Some may argue that regularly scanning for a better Wi-Fi connection unnecessarily consumes battery life for the client device and will interrupt ongoing connectivity. Therefore the “cure is worse than the disease”. But this is true only if the client is very aggressively scanning and actually creates the complete opposite of being “sticky”.
The fundamental issue with “stickiness” is that many client devices simply wait too long to initiate scanning and therefore seeking a better connection. These devices simply insist on maintaining an existing Wi-Fi connection even though that connection may be virtually unusable for anything but the most basic functionality. Read More »
Network Connectivity is a big concern for any size of business, let alone a small, growing business. Picking the right solution to address growth is a key decision.
There are countless options available to small business owners ranging from asking cousin Jimmy, calling a “computer expert” you found on Yelp, or even a quick Google Search. No doubt, this experience can be a daunting one.
All jokes aside, choosing the right solution can save some money now and in the future. That is where right-sizing your network solution comes into play. It does not take long for a successful, single-person business to transform into a growing small business. A consumer wireless router could probably do the job for a single person home office adequately. But if you are looking to use your network for more than just accessing the Internet, then the choice is not so obvious. Now or in the future, you may want to access local network resources remotely and securely, use Voice over IP, or segment your network to securely support guest access. Moreover, as you grow, business applications become more critical. They need to be readily available, dependable and always on-line.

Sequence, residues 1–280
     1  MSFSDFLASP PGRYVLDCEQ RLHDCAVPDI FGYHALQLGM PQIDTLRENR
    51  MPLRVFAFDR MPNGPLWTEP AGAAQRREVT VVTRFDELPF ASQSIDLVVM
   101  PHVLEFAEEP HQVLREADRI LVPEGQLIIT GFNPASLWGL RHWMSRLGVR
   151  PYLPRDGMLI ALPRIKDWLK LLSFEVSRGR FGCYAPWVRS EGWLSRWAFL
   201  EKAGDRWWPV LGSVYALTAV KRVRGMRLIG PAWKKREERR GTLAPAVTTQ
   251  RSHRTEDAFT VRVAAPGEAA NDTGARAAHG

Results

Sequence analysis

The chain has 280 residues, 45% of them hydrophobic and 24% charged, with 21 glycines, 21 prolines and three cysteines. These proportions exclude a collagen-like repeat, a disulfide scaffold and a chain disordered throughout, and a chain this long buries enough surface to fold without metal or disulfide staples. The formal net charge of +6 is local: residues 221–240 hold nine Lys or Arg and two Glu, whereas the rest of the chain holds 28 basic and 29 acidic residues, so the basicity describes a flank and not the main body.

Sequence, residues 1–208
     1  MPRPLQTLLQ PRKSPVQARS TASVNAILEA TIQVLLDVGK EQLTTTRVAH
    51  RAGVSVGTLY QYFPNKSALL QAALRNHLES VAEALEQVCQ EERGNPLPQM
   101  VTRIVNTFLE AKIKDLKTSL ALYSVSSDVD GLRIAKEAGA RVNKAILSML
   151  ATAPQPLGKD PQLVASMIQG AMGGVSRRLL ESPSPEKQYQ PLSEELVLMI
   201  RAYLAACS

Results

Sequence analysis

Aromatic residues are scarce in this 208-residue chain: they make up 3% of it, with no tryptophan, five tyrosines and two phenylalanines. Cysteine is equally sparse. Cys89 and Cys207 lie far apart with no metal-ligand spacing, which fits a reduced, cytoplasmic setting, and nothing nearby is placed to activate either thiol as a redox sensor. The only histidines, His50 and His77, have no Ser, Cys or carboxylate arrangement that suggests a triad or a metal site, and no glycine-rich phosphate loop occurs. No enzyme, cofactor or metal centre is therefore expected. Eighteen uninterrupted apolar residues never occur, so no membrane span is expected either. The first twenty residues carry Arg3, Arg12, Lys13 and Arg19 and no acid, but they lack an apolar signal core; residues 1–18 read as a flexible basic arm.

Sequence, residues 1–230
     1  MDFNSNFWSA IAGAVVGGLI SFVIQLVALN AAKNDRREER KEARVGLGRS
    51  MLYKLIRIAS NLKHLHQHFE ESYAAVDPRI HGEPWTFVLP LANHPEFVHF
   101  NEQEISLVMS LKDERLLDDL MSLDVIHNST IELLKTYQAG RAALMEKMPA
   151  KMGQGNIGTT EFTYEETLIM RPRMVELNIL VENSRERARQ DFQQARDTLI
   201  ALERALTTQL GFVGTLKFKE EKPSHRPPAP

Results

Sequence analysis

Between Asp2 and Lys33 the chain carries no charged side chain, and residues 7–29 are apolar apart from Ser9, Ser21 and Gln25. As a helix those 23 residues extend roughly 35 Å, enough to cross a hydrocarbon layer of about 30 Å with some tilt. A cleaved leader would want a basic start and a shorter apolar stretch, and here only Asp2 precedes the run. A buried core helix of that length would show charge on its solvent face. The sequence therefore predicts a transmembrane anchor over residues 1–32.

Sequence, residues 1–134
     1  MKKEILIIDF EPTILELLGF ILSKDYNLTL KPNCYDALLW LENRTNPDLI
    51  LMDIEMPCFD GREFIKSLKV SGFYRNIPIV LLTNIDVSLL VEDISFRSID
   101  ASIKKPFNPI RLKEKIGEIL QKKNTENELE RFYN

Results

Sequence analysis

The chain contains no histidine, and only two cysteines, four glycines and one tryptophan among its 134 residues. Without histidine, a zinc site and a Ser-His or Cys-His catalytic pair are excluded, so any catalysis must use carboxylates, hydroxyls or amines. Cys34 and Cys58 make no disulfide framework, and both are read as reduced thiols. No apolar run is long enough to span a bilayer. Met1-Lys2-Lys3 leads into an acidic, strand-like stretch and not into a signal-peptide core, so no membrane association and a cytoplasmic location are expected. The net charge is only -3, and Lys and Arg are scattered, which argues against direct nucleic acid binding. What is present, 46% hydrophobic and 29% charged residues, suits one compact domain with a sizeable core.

This is where the new Cisco Small Business Wireless Access Points and RV Series Router come into play.
Part of a growing small business portfolio, the all-new Cisco WAP551& 561 are perfect wireless solutions for your small business These access points enables small businesses to deliver high-capacity wireless N connectivity and guest access, securely and reliably. Simple yet powerful, it delivers business-class features such as Gigabit Ethernet connectivity with PoE, a captive portal for customized guest access, multiple SSID, VLAN’s and more…
Makes sense right?
But wait! How does the network connect to the WAP’s? First, you need a router. The business-class RV320 is the new flagship in the Cisco Small Business RV Series portfolio.
The Cisco RV320 is a powerful, yet highly secure business class router, offering strong networking performance throughput. Add in business-class features such as dual WAN’s for fail-over and load balancing, an intelligent user interface, USB 3G/4G Broadband failover, and you have a router that will provide years of reliable service.